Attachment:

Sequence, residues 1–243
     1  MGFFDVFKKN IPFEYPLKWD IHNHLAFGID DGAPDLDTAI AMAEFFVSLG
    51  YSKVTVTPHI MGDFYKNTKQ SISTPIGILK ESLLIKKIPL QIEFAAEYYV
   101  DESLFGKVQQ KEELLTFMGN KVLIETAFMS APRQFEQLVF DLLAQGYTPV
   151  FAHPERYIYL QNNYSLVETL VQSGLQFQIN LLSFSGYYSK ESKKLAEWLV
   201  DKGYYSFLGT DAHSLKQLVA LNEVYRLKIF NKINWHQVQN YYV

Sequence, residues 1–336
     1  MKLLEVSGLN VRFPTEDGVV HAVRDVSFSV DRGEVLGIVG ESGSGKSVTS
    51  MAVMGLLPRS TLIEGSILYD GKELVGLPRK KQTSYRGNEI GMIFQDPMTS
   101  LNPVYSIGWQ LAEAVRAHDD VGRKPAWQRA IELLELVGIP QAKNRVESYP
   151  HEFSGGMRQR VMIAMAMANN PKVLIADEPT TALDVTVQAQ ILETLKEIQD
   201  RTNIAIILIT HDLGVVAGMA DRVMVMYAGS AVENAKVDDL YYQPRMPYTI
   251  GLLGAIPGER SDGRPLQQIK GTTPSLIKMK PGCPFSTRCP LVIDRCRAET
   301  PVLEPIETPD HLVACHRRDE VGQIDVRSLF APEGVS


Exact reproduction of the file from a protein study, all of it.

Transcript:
Sequence, residues 1–243
     1  MGFFDVFKKN IPFEYPLKWD IHNHLAFGID DGAPDLDTAI AMAEFFVSLG
    51  YSKVTVTPHI MGDFYKNTKQ SISTPIGILK ESLLIKKIPL QIEFAAEYYV
   101  DESLFGKVQQ KEELLTFMGN KVLIETAFMS APRQFEQLVF DLLAQGYTPV
   151  FAHPERYIYL QNNYSLVETL VQSGLQFQIN LLSFSGYYSK ESKKLAEWLV
   201  DKGYYSFLGT DAHSLKQLVA LNEVYRLKIF NKINWHQVQN YYV

Sequence, residues 1–336
     1  MKLLEVSGLN VRFPTEDGVV HAVRDVSFSV DRGEVLGIVG ESGSGKSVTS
    51  MAVMGLLPRS TLIEGSILYD GKELVGLPRK KQTSYRGNEI GMIFQDPMTS
   101  LNPVYSIGWQ LAEAVRAHDD VGRKPAWQRA IELLELVGIP QAKNRVESYP
   151  HEFSGGMRQR VMIAMAMANN PKVLIADEPT TALDVTVQAQ ILETLKEIQD
   201  RTNIAIILIT HDLGVVAGMA DRVMVMYAGS AVENAKVDDL YYQPRMPYTI
   251  GLLGAIPGER SDGRPLQQIK GTTPSLIKMK PGCPFSTRCP LVIDRCRAET
   301  PVLEPIETPD HLVACHRRDE VGQIDVRSLF APEGVS